Off Da Ruler’s Desk

Back in the Day Part 1

In 1986 I was two years into my career as a Deejay and when I say Deejay I don’t mean cutting, scratching, transforming, and all that mess, I mean setting up 8 to 16 speaker cabinets and shaking everything in a quarter mile radius. That was Deejaying in the Badlands of Miami (Dade County)- having the most bass, catching all of the breaks, and breaking all of the new records.

Since day one I’ve always been creative and original. When every Deejay in Miami was spinning Shy-D, 2 Live Crew, and Half Pint I took a chance and spun LL Cool J, MC Shan and yes, the Beastie Boys. At that time rappers really weren’t dropping full length albums, but rather dropping 12 inch singles with a b-side. Rock the Bells by Cool J and Project Hoe by Shan were instant hits. Dudes and chicks alike lost their minds when either cut was played, because both tracks were energetic and bass heavy. However, Slow and Low by the Beastie Boys almost got me killed! When I dropped that record and “Slow and Low/Let yourself go/Slow and Low/That’s the tempo” came blasting through the speakers, people were like, “Man, what the fuck is that? Man, if you don’t cut that shit off!” The said this despite the fact that everything, ground and houses included, was shaking because Slow and Low had some serious drop (bass). But more they said it because the Beastie Boys were white and the song had a wild-rock influence. I continued to play the record. I dropped it at every jam I played and before I knew it other Deejays were spinning it. So when Hold it Now was released some six months later, everybody was already feeling the Beastie Boys. I broke MCA, Mike D and AD-Rock in Miami. The album Licensed to Ill came out that November- it was the first hip-hop album to hit number one- and sold four million units in one year. RIP MCA…

I didn’t know it at the time, but that was the beginning of something great. Not just for the Beastie Boys and the people at Def Jam, but also for me and everybody around me. I continued spinning up north cuts and putting out some of the best mixtapes in Miami. However, $5.00 a tape and $250 (split six ways) a jam was not enough to get that new Caddy on fifties and cuts. Nor was it enough to finance the moves that I wanted to make in the music world. I had dreams… ambitions… lofty expectations as to my place at the top of the hip-hop industry. I just didn’t have the money to get it.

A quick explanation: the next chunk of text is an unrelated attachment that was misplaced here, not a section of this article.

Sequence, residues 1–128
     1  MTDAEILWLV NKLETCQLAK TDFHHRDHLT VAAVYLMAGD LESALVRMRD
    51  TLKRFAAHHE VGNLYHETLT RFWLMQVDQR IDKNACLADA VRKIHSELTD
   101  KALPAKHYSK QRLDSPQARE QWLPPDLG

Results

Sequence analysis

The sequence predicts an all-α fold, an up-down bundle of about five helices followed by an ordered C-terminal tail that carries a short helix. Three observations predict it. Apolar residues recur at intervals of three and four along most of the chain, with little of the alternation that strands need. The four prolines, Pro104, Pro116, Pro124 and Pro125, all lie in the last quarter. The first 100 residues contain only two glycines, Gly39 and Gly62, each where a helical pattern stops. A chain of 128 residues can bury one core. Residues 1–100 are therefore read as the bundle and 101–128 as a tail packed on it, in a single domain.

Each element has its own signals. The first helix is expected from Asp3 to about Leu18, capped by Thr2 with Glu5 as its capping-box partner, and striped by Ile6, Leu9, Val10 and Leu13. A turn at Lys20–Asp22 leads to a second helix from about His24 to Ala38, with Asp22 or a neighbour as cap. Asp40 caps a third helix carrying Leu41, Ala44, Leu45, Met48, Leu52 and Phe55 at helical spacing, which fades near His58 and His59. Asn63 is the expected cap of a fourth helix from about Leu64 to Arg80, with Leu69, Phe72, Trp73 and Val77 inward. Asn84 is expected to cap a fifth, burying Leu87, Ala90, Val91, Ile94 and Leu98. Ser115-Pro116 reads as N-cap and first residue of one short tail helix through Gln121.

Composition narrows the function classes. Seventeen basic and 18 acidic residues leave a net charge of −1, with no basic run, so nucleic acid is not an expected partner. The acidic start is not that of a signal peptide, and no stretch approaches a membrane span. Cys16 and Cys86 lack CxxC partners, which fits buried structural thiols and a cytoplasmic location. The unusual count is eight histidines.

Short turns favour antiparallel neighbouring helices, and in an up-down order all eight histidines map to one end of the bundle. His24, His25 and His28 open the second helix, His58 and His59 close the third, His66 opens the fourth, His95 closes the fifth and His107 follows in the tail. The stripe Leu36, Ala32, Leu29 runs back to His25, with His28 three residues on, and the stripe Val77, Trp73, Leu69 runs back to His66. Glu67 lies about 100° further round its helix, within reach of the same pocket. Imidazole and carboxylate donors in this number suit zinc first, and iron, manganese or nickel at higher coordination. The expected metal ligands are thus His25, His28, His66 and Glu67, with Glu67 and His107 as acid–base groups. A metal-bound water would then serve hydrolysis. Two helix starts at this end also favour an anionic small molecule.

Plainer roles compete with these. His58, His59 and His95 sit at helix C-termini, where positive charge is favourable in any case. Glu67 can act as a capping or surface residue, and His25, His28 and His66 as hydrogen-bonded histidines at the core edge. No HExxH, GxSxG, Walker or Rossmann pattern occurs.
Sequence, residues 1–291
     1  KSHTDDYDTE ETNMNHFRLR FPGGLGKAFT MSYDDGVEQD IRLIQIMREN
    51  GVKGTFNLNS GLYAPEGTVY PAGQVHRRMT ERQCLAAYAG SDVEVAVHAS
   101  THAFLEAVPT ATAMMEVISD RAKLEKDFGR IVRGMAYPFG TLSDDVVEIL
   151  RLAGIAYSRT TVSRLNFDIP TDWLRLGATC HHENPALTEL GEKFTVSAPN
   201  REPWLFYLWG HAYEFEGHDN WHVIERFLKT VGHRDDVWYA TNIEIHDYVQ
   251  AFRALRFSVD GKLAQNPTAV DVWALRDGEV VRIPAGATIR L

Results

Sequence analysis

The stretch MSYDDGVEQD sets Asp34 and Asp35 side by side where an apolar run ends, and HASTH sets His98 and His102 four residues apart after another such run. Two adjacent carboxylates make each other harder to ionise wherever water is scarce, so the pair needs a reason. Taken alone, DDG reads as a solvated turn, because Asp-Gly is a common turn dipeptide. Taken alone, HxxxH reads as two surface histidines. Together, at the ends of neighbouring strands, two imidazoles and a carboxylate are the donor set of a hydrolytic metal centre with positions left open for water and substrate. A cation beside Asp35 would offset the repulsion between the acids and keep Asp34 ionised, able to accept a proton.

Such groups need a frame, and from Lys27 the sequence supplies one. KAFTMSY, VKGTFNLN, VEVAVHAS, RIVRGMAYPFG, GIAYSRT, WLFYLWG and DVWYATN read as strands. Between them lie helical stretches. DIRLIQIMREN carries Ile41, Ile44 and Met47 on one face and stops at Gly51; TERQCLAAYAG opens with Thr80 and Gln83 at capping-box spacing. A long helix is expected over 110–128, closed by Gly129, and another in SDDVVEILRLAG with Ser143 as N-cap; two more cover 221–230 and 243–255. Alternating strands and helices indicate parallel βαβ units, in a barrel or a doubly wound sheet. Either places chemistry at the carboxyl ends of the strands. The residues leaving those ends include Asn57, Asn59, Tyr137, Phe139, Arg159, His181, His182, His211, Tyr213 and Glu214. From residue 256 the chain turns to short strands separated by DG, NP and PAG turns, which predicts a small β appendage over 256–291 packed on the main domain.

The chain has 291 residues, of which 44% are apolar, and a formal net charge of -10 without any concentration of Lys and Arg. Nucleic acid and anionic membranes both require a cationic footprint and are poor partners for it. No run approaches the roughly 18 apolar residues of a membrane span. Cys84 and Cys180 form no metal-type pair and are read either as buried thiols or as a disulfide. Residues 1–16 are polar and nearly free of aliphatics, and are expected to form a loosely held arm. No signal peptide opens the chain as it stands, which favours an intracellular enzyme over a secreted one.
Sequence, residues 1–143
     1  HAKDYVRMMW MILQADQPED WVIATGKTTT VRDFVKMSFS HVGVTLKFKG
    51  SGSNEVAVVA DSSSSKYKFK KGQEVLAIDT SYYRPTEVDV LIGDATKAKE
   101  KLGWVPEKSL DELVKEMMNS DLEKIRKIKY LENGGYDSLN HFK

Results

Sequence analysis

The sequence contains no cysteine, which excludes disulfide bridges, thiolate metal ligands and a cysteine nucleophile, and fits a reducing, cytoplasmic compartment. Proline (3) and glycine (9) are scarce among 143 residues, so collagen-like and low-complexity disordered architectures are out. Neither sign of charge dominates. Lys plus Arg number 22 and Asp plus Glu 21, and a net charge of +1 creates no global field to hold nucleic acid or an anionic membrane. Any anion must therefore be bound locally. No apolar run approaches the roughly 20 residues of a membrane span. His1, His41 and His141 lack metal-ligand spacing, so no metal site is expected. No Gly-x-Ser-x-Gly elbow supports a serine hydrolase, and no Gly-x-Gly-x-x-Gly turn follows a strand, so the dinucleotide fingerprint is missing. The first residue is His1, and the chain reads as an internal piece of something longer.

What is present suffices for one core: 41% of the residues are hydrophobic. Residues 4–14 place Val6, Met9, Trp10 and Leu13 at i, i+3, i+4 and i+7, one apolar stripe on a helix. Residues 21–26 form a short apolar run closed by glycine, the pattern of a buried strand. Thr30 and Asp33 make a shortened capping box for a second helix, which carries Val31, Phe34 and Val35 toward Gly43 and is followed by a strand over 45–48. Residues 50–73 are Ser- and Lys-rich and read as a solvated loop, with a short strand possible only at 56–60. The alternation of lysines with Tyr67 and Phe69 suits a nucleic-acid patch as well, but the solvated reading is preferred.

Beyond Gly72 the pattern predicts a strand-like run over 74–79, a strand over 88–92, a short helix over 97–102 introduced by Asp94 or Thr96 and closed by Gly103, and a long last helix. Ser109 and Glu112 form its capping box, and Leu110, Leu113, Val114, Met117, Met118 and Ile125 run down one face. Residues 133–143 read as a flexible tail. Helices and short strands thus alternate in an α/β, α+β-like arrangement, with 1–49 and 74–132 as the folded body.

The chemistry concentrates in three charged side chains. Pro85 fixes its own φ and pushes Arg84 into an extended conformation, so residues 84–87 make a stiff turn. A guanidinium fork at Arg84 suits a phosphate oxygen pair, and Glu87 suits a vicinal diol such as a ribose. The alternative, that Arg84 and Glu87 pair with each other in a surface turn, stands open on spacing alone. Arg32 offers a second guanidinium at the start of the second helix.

Enter Scarface (The Geto Boys)… I started small time/dope game/cocaine… pushing rocks on the block/I’m never broke mane… I took to the dope game like a dope fiend to fish scales. And even though all of my reasons for getting involved with the dangers of drug dealing were industry related (trying to finance my dreams)- Deejaying, rapping and all that soon took a back seat to the streets. I was getting big money and the rap-niggas were looking up to me. Reasoning being, most rap-niggas were broke back then, 85, 86, 87 and so forth, dope boys were setting the standard for what a real nigga looked, acted and sounded like. When you saw a rap-cat back than in a Benz, Caddy or big boy Bronco; jewelry’d all up and popping that G-shit; it was his man’s shit he was whipping, his man’s ice he was wearing, and the shit he’d heard his big homie saying. Truth be told, most rap-niggas first studio time and first records were financed with dope money… but that’s a whole other story I’m not going to get into- for obvious reasons.

I saw less of the studio… more of the streets… streets in different cities and states. I heard more music… saw more of my life influencing the music. Schooly D (the very first gangsta rapper), Too Short, Spice One, NWA, Kool G Rap, The Geto Boys, Poison Clan, Bust Down, Ice T and Above the Law were lyrically and rhythmically expressing the ills of my everyday life through their music. That I was really feeling. And dudes everywhere I went were also feeling it, because everybody was playing it in their cities and states. it’s like we were all going through the same shit and the music reflected it… the quintessential case-in-point of art mirroring life.

Pause. Fast Forward… Play? Disc not reading… Something happened between the 1994 release of Tupac’s “Me Against the World” and the 2000 release of Nelly’s “Country Grammar”… or perhaps it may have been between Dr. Dre’s 1993 release of “The Chronic” and the 1998 release of Outkast’s “Aquemini”… Notorious Big’s “Ready to Die” and Juvenile’s “400 Degrees”- all platinum classics- but somewhere along these lines, somehow, the parallels polarized. Life began to mirror the art… I’ll explain more in my next session…

Check out Plex’s books at www.badlandpub.com and also the chapter on The Boobie Boys in Street Legends Vol. 2

 

 

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